On Monday, Skelmanthorpe Wives’ Group met at the Methodist Church, Pilling Lane, to view the DVD of their pantomime Dick Whittington and His Cat which was presented by Rose Merry. The video of the pantomime was filmed and produced by Stuart Merry. A vote of thanks was proposed by the hosts for the evening, June Pearson and Margaret Stephenson, who also provided supper afterwards. Christine Senior played the piano for the hymn.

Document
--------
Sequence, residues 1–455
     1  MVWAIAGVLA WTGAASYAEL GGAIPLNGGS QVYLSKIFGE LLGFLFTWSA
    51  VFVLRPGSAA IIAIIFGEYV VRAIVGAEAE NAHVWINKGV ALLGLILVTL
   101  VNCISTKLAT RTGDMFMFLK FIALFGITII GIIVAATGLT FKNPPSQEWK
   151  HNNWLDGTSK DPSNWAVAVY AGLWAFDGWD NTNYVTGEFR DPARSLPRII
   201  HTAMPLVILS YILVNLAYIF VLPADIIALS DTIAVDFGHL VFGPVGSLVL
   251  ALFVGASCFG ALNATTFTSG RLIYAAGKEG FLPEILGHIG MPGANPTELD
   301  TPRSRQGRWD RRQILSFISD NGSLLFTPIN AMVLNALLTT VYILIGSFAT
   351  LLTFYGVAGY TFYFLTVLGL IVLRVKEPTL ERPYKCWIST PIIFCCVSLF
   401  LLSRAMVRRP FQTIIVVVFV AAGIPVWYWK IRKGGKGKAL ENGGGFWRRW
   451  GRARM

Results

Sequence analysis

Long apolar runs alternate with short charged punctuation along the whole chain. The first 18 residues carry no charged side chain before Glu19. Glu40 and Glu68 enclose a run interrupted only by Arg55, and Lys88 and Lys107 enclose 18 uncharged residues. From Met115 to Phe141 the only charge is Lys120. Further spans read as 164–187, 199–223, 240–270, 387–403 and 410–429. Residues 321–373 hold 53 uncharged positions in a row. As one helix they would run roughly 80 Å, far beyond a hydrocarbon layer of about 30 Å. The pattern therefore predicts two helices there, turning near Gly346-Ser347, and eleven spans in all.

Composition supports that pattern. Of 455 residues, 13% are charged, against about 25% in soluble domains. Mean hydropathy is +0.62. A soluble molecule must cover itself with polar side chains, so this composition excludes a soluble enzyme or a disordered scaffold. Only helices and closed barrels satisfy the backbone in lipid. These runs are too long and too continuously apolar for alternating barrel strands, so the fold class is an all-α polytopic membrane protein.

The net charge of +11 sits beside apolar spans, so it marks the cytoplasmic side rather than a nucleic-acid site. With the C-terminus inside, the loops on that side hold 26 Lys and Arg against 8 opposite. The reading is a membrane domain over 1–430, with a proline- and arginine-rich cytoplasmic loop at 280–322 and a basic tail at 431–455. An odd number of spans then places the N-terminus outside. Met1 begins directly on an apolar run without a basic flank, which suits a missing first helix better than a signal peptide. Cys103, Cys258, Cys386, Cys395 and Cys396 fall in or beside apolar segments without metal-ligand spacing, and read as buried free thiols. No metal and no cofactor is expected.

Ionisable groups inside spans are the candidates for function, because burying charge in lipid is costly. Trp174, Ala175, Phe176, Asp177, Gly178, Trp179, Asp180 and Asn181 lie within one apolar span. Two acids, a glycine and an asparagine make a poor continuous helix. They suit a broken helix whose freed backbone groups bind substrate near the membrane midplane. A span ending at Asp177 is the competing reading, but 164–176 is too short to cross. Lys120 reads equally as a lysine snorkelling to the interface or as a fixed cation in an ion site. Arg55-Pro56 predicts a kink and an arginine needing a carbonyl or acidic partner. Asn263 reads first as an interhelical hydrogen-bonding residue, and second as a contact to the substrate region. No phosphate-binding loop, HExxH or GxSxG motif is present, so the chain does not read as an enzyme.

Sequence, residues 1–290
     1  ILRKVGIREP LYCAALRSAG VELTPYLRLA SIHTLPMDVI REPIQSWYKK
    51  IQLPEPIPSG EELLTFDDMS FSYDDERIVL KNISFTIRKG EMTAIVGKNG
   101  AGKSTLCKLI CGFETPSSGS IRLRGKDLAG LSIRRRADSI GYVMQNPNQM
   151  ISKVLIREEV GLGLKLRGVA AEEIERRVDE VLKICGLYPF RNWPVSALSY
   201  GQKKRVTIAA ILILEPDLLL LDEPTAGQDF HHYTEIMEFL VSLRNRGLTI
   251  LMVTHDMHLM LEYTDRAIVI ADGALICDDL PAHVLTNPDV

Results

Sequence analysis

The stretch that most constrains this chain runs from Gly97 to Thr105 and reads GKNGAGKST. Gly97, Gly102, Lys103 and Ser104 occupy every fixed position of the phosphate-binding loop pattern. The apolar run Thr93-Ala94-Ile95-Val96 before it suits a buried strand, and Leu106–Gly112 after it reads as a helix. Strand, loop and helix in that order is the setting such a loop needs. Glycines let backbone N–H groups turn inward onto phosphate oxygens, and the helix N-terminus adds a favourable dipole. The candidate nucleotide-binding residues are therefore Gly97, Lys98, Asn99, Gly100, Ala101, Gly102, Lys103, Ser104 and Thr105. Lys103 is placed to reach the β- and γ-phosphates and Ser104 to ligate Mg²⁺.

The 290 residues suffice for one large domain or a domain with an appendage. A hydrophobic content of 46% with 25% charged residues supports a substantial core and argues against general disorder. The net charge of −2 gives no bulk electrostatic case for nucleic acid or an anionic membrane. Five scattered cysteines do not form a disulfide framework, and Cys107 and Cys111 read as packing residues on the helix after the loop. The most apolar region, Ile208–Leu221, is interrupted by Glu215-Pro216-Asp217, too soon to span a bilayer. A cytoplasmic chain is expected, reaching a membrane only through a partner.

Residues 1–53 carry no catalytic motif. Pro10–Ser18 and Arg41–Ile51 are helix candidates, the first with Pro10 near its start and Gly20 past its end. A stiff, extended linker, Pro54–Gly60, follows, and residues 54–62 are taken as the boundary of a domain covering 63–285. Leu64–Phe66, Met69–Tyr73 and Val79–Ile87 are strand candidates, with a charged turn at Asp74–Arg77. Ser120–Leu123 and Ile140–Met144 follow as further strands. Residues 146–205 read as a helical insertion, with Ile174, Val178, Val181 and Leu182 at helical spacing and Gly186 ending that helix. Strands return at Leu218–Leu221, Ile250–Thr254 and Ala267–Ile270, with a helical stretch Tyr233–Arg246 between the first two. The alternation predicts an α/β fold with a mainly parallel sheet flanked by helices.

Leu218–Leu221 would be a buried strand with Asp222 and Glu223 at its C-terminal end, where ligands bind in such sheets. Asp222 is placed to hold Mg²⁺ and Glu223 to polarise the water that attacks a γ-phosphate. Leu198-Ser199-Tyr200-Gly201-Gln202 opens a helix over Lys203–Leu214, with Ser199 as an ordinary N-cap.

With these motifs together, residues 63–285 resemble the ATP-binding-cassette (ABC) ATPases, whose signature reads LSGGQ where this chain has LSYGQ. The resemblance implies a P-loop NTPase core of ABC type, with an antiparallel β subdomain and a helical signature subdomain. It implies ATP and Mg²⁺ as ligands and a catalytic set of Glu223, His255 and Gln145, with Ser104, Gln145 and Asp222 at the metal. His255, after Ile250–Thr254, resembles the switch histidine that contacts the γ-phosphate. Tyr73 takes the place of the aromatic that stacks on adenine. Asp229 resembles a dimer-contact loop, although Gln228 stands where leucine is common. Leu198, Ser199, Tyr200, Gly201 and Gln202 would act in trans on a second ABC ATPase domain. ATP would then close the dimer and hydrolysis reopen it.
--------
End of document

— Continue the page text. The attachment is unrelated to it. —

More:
Winifred Wheable-Archer, a councillor for many years, was the speaker at the February meeting of the Women’s Institute, speaking about the history of her own home – The New Inn, a de-regulated pub, now named The Old Tavern. She described title deeds and brewery documents and fascinating correspondence. A vote of thanks was proposed by president Mrs J Roebuck. A competition for an heirloom was won by C Wynn, with H Armitage second and J Roebuck third. C Wynn won the raffle. Competition crystal jewellery was displayed at the March 9 meeting.